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FAQ & Frequencies

What is Hellschreiber?
Hellschreiber, or Hell, is a method of sending and receiving text using facsimile technology.  It is unique in that the characters are not decoded, but "painted" or printed on a screen.  There are several modes of Hellschreiber, the most popular being a single-tone version call Feld-Hell, an on-off keyed system with 122.5 dots/second, or about a 35 WPM text rate.  FH has a narrow bandwidth of about 75 Hz.  Feld-Hell also has the advantage of having a low duty cycle meaning your transmitter will run much cooler with this mode.
 

  • For a terrific explanation of Hellschreiber, we highly recommend the ZL1BPU web site, which explains everything you need to know about this mode, including the most pressing question, "why does Hell transmit two lines of text?
  • There is also a great introductory video on You Tube by Randy, K7AGE which you can see here or below.
  • Frank, N4SPP, is a long-time Hell practitioner who collects items related to Hellschreiber such as original technical articles and equipment (for example, Frank recently came into possession of an original, working 1938 Siemens Hell-Feldfernschreiber.)  Frank has put together a fantastic web site about his station and our niche of Ham Radio, which we're previewing below.  To get the full impact of Frank's website, please visit it here.


    N4SPP web site on Hell



What does a Hell signal sound like?
It sounds like this.

 
 
A Hellschreiber field unit in action
 

Where did the name "Hell" come from?
We can thank the inventor, a German engineer named Rudolf Hell, who patented this early method of facsimile in 1929.  Hellschreiber was the first successful direct printing text transmission system, and was very popular at a time when teleprinters were complex and expensive, because the Hell receiving mechanism had only two moving parts. At first the Hellschreiber was mostly used for land-line press services, which continued well into the 1980s. A military version was used by the German Condor Legion during the Spanish Civil War (1933). During WWII, Hellschreiber was widely used for field portable military communications, for which it proved to be very suitable because the equipment was simple and robust.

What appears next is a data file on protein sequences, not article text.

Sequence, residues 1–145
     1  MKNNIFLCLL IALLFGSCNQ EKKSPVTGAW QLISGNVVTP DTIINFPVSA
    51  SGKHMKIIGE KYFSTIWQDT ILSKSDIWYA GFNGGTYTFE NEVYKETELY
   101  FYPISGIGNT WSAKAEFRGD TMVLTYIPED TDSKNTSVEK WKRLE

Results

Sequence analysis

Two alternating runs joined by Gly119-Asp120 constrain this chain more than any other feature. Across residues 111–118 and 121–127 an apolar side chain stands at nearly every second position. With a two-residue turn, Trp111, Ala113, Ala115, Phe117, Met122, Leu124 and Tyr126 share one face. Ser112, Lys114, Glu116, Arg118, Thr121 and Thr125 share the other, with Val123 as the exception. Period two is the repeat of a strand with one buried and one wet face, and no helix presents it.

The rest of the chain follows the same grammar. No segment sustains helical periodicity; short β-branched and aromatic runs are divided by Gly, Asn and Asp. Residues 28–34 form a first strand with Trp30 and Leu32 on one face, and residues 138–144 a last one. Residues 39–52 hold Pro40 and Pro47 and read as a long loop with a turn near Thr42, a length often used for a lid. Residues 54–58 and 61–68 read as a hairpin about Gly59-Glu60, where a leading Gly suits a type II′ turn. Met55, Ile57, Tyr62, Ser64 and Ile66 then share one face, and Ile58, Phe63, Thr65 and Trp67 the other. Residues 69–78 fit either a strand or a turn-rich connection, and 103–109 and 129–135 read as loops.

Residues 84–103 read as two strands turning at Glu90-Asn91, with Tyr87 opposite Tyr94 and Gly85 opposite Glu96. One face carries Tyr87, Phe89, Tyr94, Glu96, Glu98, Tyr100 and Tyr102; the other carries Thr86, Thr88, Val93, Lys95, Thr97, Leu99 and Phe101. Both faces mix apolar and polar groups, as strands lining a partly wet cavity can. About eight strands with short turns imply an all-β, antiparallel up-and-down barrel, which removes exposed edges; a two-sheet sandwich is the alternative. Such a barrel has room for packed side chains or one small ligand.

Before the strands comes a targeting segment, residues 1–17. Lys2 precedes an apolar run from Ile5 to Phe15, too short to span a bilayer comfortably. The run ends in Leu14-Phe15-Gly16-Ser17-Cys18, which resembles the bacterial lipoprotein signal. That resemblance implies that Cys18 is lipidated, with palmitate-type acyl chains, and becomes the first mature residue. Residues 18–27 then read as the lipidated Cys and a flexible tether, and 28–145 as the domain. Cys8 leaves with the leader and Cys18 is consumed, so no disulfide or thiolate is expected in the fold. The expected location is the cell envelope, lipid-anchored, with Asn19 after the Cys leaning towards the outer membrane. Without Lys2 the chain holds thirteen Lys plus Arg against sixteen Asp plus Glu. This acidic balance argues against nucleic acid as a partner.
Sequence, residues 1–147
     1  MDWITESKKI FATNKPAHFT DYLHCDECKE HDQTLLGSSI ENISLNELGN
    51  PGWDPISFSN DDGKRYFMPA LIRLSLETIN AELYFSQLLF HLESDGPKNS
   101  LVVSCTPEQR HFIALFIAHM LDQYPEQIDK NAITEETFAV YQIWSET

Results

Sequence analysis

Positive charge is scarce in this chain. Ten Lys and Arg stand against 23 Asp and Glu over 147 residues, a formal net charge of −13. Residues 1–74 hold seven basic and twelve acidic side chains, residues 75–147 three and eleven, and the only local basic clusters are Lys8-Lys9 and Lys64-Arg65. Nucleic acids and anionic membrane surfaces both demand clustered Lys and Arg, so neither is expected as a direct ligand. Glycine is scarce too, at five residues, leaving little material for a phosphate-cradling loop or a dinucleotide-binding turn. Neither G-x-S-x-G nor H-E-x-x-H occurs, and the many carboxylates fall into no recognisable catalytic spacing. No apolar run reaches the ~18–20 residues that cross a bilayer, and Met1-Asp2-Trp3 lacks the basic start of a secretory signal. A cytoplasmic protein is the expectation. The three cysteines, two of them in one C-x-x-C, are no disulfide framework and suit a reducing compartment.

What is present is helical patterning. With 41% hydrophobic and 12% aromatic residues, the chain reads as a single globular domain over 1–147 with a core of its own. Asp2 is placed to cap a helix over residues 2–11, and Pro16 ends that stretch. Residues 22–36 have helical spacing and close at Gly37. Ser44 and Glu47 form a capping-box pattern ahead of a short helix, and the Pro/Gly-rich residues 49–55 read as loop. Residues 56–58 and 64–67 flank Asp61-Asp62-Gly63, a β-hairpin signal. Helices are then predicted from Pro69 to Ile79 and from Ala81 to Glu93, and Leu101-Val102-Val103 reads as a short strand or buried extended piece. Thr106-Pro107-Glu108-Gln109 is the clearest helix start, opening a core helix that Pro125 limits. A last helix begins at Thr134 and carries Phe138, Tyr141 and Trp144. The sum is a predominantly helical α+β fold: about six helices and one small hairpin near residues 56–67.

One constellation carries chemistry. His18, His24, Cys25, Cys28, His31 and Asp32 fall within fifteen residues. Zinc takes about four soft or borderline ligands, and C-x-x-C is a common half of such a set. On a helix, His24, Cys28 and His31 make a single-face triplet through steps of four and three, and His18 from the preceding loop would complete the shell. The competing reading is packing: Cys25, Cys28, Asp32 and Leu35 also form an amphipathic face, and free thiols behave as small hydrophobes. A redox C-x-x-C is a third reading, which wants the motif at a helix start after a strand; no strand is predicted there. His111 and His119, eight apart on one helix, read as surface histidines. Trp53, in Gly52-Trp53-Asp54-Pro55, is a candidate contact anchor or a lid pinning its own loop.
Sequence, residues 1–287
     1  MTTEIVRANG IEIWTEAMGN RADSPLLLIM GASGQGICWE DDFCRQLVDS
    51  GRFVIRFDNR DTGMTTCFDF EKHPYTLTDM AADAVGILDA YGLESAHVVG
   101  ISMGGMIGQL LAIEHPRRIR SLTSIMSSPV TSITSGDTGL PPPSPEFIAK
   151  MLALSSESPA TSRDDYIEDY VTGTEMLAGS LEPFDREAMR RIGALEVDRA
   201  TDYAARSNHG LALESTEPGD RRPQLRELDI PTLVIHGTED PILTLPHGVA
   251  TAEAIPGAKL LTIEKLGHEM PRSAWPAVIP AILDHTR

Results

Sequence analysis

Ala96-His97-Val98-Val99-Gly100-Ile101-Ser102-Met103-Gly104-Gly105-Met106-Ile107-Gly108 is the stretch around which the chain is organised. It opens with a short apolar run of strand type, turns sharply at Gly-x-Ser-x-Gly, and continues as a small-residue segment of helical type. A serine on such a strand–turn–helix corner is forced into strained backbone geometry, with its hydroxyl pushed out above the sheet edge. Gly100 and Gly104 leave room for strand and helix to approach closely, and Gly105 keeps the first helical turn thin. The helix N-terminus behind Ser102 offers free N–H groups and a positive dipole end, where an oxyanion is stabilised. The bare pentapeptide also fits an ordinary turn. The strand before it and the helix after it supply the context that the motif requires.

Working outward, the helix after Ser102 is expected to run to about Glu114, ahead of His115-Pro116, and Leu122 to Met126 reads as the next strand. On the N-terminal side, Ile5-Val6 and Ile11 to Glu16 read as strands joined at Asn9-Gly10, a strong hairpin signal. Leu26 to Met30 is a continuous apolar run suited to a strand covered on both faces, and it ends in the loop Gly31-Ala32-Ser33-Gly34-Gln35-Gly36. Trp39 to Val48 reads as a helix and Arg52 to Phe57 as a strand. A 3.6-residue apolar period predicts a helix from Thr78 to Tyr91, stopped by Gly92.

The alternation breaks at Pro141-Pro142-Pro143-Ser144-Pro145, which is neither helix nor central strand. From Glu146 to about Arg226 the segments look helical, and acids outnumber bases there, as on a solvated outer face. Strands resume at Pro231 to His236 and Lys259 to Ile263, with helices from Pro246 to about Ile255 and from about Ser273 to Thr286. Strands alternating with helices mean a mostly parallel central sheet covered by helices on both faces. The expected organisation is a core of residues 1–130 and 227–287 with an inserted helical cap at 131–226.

How can I operate Hellschreiber?
As with any digital mode, you need a PC and an interface to your radio.  You'll also need software.  Today there are a number of freeware programs that can have you up and running in Hell in a matter of minutes, including Ham Radio Deluxe, MultiPSK, and IZ8BLY's software.  Not freeware but a popular program is MixW.  Another program, FL Digi, will not only work in windows but in Linux, as well. Cocoamodem is a new program for Mac users. We are building a complete list of Hell applications on our software pageFor questions you may have about software, or how to interface your PC with your rig, watch the video below, visit our Yahoo Groups to post a question, or ask us directly here.

 
 
Where can I find Hell signals?
In general, here is where you'll find most Hell activity.  As with any ham radio mode, these are suggested frequencies but not etched in stone, so please listen first before transmitting, as you're also likely to hear MFSK, Olivia, BPSK, JT65, and other digital modes on or near these frequencies. Also, check our spotter page and Twitter feed for current activity.
 
160 METERS 1.840 
  80 METERS 3.574 to 3.584
  40 METERS 7.077 to 7.084
  30 METERS 10.137 10.144 (Region I)
  20 METERS 14.063 (PREFERRED), 14.073 (Note 1)
  17 METERS 18.104
  15 METERS 21.074
  12 METERS 24.924
  10 METERS 28.074
    6 METERS 50.286


Note 1: For 20 meter ops, the FHC calling frequency is 14.063 and UP to 14.069. PSK31 ops are on 14.070 and the QRP club uses 14.060 as their calling frequency. We do not wish to cause interference to each other. A reminder, QRP is a power reference, not a mode. If using 14.073, be sure to avoid interference with the JT65 area at 14.076. Even though some may encroach on our segment, we need to be be the good guys!